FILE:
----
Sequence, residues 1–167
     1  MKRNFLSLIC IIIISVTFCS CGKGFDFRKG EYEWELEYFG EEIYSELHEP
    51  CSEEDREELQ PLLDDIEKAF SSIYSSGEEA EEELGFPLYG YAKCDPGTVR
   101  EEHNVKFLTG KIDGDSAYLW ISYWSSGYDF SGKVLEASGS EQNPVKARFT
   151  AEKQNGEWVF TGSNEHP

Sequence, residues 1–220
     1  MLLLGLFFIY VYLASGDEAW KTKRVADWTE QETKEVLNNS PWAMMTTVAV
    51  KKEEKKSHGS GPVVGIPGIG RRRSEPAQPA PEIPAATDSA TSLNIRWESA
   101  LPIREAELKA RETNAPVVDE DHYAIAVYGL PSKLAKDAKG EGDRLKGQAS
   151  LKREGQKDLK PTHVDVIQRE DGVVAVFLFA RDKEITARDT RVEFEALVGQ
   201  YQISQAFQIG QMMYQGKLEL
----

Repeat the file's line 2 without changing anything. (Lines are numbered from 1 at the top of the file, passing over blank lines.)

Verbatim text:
     1  MKRNFLSLIC IIIISVTFCS CGKGFDFRKG EYEWELEYFG EEIYSELHEP